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Slovakia Facts

Slovakia

Slovakia is a country in central Europe. This tiny country was once part of Czechoslovakia and was ruled by the Soviet Union for 75 years.

It broke away in from the Soviets in 1990 and separated from the Czech Republic in 1993 to become its own independent nation.

slovakia-flag

Quick Facts

Capital: Bratislava

Population: 5,400,000

Key Cities: Bratislava (capital), Presov, Kosice, Zilina, Martin, Poprad

Official Language: Slovak

Major Religions: Roman Catholic, Protestant

Geography

Bordering Countries: Czech Republic, Poland, Ukraine, Hungary, Austria

Size: 18,859 square miles

Lowest point: Bodrok River – 308 ft.

Highest point: Gerlachovsky Stit – 8,711 ft.

slovakia-map

Slovakia is a landlocked nation in Central Europe. This means that it has no access to the ocean, and is surrounded by land on all sides.

It is a relatively small nation. In fact, it is only about two times the size of the state of New Hampshire in the United States.

Slovakia is noted primarily for its mountainous nature. The Carpathian Mountains are in the north, and various lowlands are in the south.

The highest mountain range is the Tatra Mountains. The Danube, Vah, and Hron are the major rivers.

Slovakia’s climate is humid at lower altitudes. This includes warm summers and humid winters. At high altitudes, however, the climate is subarctic and alpine.

The varied landscape of Slovakia supports a wide variety of animal life. This includes bears, wolves, lynx, wildcats, marmots, otters, and minks.

History

The area known as Slovakia has been inhabited by various groups of people for thousands of years.

The Celts started to settle the area of modern-day Slovakia in 450 BC. They created the first system of writing known as Biatec.

The Roman Empire established a series of outposts along the Danube River but never had a full settlement in Slovakia. They fought with the various Germanic tribes of the area.

danube-river

Current day Slovakia can be traced to the Great Moravian Empire. This Empire was formed in the 9th century.

When Great Moravia was at its peak, it included parts of Poland, Hungary, the Czech Republic, and Slovakia.

After the Empire collapsed, Slovakia became part of the Hungarian Kingdom for over 1,000 years.

After WWI, Slovakia became a part of the independent country of Czechoslovakia. Their first president, Tomas Masaryk, was elected in 1918.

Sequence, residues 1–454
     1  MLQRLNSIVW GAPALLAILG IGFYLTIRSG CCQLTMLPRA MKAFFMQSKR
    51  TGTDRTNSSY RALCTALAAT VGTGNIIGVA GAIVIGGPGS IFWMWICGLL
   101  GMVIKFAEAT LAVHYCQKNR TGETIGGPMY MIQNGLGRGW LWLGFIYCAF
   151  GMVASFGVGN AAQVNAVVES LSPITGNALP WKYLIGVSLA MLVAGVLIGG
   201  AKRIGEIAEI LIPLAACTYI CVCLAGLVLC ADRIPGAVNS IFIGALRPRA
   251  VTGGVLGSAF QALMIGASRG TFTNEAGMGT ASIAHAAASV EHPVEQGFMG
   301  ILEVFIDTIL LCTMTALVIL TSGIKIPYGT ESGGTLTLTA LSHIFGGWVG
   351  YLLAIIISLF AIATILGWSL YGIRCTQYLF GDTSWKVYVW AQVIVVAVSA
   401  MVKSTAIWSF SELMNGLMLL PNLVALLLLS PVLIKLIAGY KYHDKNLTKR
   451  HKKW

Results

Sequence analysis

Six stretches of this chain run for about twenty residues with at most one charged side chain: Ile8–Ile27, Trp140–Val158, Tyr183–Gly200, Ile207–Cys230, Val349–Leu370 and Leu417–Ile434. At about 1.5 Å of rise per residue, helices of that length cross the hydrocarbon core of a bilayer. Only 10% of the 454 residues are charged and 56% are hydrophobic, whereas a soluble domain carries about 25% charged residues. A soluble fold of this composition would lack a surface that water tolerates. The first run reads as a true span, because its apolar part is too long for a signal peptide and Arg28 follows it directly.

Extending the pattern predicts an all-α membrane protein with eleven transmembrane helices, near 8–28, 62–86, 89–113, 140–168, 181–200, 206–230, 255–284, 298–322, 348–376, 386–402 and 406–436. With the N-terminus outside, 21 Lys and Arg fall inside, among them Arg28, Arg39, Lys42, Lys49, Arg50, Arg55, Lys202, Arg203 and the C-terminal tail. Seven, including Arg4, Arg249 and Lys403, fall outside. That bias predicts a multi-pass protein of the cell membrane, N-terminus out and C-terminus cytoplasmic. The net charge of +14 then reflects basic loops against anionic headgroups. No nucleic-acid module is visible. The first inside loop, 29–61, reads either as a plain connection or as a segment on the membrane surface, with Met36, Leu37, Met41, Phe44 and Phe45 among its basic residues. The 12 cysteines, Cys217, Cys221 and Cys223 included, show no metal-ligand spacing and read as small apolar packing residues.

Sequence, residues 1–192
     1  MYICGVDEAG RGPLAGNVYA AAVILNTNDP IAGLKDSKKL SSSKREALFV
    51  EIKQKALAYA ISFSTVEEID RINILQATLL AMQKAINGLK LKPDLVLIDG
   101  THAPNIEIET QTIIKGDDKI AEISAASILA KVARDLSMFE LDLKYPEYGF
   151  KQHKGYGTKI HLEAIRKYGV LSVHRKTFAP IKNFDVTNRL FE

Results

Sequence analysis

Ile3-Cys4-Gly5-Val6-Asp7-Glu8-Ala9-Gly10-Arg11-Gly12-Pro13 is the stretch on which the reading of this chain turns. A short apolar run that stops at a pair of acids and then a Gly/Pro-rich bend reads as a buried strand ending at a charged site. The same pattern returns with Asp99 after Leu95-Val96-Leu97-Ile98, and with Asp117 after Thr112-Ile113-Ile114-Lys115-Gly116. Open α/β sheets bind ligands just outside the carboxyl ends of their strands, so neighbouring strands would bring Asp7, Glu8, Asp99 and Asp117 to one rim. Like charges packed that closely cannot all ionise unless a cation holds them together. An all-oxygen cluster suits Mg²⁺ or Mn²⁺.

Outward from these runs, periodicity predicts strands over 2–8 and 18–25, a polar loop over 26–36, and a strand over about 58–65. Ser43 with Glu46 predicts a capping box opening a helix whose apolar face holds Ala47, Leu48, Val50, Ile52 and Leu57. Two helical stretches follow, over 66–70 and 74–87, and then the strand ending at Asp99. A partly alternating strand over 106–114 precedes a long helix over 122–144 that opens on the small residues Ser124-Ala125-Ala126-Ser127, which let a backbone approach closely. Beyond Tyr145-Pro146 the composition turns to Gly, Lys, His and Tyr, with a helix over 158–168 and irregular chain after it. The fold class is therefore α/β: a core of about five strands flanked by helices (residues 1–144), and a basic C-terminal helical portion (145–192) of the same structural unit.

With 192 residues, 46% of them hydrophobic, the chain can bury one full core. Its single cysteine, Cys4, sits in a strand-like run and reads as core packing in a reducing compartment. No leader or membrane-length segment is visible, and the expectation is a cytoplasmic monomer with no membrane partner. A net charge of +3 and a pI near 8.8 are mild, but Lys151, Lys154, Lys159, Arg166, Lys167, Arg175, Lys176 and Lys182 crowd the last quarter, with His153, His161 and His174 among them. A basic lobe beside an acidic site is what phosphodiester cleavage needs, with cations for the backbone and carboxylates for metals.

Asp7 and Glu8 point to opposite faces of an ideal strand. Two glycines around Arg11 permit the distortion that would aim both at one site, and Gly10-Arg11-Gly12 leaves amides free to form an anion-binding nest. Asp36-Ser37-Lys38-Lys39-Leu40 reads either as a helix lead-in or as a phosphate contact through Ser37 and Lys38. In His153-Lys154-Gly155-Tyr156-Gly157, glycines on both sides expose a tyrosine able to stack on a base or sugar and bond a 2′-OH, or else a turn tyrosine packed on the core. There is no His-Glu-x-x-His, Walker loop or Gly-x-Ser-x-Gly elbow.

After WWII, Czechoslovakia became a puppet communist state of the Soviet Union.

After the collapse of the Soviet Union in 1989, Czechoslovakia became free. The Slovaks and Czechs decided peacefully to separate. This is known as the Velvet Divorce.

After this separation, Slovakia became a fully independent nation in 1993. It later joined the European Union in 2004.

Economy

Though Slovakia is a relatively small country, it has a widely varied economy. Its major industries include many different manufacturing industries and agricultural products.

The major industries include metal production, electricity, gas, oil, nuclear fuel, chemicals, machinery, paper, rubber products, textiles, and ceramics.

textile-industry

There are also a large number of natural resources, such as iron ore, copper, and salt.

The currency that is used within Slovakia is the Euro and the Slovak Koruna (SKK).

The national GDP of Slovakia is $126,900,000,000. This makes it one of the healthiest in all of Europe.

Culture

As with many European countries, the family is very important in Slovakia. It is not uncommon for families in rural areas to have children, parents, and grandparents under one roof.

This arrangement allows grandparents, especially grandmothers, to help care for children so their parents can work.

Families in urban settings have started to focus more on the nuclear family. While grandparents are nearby, they do not always live in the same home.

Slovakian food is unique. True Slovak food and recipes, unlike another type of cuisine, cannot be found outside of Slovakia.

slovakian-food

Slovakian dishes use items such as pork, poultry, cabbage, wheat, cheese, potatoes, onions, and garlic.

Famous Slovakians

Andy Warhol – Artist

Marian Hossa – Hockey Player

Adriana Sklenarikova – Supermodel

Aurel Stodola – Inventor

Ondrej Nepela – Figure Skater

Ludovit Fulla – Painter

ondrej-nepela

Fun Facts

Slovakia is the home to the world’s highest number of castles and chateaux per capita.

There are more than 6,000 caves in Slovakia. There are more caves being discovered every year.

There are over 1,300 mineral springs in Slovakia.

The capital city of Slovakia, Bratislava, lies on the borders of Austria and Hungary. This makes it the only capital city in the world that borders the two countries.

Slovakia is the geographical midpoint of Europe.

In Slovakia, you can ride the national rail system for free if you meet the proper requirements. This includes students, children, and the elderly on a fixed income.